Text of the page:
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Education / Training Finding that silk purse

Finding that silk purse

by Tom Gaylord
Writing as B.B. Pelletier

History of airguns

This report covers:

  • A break
  • The real story
  • Fell into it
  • Oh, no!
  • The real story
  • Back to the future
  • The lesson
  • More
  • The point
  • Summary

A break

I need a break from punching holes in paper. Been doing a lot of that this week. Today I was all set to test the Slavia 618, but the next test is accuracy and like I said — I want to do something else.

As I was sitting at my computer trying come up with an idea for today, I got messaged that the parts for my .22 rimfire High Standard Sport King pistol had arrived in my mailbox. What’s the story there?

Fell into it

Many years ago I was at one of the last gun shows I ever attended. I had two tables full of guns to sell and one of them was something I had priced at $450. I forget what it was — it was that unimportant to me. But my price was reasonable and there was some interest. One guy came by and asked if I would come over to his table and see if there was anything I would take in trade for it. So I did.

He had a Taurus model 62LA that was new in the box. It was stainless steel, which I don’t like, but it was a slide action (pump) gun, which I do like — or so I thought! I never even picked it up out of the box. I could see it was like new. He saw that I was interested so he offered it to me. It was priced at $300 as I recall and I sort of stalled on that — my gun being priced reasonably at $450. I went back to my table and a few minutes later the guy brought by a High Standard Sport King pistol that he said he would throw in to sweeten the deal. Well, that sounded fine, so I agreed.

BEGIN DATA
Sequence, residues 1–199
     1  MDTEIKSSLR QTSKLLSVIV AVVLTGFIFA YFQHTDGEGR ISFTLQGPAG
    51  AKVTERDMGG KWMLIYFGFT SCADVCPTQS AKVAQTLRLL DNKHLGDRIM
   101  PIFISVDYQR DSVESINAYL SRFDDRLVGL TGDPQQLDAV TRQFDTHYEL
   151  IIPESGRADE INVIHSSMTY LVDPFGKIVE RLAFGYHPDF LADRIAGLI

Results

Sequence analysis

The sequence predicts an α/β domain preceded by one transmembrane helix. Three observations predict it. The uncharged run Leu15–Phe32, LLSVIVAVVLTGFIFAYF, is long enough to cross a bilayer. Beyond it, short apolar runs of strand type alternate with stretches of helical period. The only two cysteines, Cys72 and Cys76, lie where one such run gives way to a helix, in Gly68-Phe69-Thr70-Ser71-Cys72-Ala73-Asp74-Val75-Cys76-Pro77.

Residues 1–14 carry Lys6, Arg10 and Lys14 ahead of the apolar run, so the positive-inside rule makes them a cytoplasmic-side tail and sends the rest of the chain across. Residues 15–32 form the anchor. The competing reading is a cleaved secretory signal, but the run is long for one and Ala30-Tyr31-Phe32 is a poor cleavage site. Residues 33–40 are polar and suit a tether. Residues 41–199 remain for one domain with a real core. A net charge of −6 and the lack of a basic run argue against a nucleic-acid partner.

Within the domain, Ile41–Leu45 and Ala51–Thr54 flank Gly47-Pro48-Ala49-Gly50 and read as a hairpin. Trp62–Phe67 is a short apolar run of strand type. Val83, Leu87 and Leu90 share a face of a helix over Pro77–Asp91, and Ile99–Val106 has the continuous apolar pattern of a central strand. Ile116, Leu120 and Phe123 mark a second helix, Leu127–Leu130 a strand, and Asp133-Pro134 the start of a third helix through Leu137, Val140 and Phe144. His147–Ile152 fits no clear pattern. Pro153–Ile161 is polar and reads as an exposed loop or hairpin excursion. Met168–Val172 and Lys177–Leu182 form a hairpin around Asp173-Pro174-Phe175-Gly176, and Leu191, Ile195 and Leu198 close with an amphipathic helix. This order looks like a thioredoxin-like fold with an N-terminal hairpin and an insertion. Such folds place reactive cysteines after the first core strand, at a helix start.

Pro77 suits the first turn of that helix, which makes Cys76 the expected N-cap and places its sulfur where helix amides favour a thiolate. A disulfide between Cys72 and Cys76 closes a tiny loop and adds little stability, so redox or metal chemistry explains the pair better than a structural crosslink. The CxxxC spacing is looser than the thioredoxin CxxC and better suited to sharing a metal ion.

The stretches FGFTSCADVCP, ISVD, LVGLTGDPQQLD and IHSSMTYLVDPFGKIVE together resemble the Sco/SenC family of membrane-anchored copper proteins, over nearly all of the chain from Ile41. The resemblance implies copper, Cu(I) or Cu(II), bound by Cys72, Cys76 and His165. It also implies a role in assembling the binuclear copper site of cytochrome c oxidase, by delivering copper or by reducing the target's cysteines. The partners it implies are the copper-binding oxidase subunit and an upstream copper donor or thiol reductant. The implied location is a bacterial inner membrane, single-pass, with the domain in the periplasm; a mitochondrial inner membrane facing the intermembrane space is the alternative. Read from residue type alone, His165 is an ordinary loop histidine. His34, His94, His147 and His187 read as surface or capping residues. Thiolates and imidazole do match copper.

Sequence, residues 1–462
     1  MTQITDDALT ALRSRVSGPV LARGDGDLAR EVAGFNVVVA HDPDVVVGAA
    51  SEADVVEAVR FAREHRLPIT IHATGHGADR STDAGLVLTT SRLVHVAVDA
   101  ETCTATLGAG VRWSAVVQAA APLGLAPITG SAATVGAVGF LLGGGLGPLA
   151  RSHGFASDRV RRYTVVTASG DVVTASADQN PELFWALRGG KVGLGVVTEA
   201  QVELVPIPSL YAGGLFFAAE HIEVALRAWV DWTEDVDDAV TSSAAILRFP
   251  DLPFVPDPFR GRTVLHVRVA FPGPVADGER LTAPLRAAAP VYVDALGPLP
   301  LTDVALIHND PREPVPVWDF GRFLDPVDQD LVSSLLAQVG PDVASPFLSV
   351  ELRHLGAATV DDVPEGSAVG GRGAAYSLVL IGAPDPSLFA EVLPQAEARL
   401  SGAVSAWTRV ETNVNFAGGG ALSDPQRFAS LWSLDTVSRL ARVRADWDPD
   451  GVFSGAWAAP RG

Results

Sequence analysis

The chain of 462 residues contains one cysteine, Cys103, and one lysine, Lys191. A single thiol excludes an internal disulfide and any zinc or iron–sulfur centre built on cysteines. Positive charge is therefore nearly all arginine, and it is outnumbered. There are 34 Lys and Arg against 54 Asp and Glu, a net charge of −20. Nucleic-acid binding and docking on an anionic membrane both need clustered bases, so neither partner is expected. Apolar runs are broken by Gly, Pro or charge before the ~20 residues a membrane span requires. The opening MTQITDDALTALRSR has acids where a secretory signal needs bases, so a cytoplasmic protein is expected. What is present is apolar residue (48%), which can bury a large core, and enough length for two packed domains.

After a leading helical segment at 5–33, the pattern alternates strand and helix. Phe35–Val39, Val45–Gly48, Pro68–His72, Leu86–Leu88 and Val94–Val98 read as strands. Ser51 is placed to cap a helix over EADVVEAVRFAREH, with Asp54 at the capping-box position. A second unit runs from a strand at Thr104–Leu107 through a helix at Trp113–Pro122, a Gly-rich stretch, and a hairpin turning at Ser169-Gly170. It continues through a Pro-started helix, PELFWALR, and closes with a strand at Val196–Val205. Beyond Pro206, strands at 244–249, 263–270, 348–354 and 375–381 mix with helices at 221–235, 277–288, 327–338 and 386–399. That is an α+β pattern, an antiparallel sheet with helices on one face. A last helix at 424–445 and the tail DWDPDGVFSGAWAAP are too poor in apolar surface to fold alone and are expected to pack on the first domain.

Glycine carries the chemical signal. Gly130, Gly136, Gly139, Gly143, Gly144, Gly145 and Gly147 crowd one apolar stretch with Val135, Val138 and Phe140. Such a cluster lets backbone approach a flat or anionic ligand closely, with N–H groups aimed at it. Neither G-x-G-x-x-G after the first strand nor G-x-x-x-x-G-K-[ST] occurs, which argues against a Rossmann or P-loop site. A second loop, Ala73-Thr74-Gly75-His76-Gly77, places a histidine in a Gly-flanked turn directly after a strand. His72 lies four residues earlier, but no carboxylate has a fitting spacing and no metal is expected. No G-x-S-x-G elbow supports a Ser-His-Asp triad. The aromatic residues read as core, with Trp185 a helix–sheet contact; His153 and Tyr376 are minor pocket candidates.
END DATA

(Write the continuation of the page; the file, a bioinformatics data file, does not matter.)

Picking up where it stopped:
Taurus 62LA
How can anyone look at this Taurus 62LA and not realize that it’s a lever gun? I’m living proof that it can be done!

He brought the Taurus box over with the pistol and took his rifle away. My buddy Otho opened the box and looked at the Taurus and says to me, “I didn’t know Taurus made a lever-action .22!”

Oh, no!

A lever action? Oh, no! I had paid so little attention to the rifle when looking at it that I failed to see the lever. I assumed it was a pump. I already owned a Marlin 39A that’s the sweetest lever action .22 ever made and I sure didn’t need another one! Certainly not a shiny silver one! Shazbat!

Otho told me he thought the Taurus might be worth some money, so when we got home he bugged me to look it up on Gun Broker. When I dragged my feet he looked it up himself. It turned out that the Taurus 62LA was the most desirable .22 rifle Taurus ever made and they were bringing $850 on Gun Broker. And they were actually selling at that price! So — I guess I fell into it.

I still have the rifle. It’s still silver and I still don’t like it, but since my information on it was at least 10 years old I looked it up on Gun Broker for this report. Maybe the bottom had fallen out and they were now going for nothing?

No, in May of this year there were 39 bids on one in the same condition as mine, which is almost new in the box. That one sold for $1,681.00. Apparently Taurus only made the rifle one year (2006-2007) and they are quite rare.

The real story

But that’s not the story today. The real story is the other gun — the High Standard Sport King pistol that sweetened the deal. It’s a blued steel handgun and I had high hopes for it. But alas, it didn’t work. The magazine is sticky and doesn’t feed. So I put it aside and thought that I had been on the bad end of a deal once again.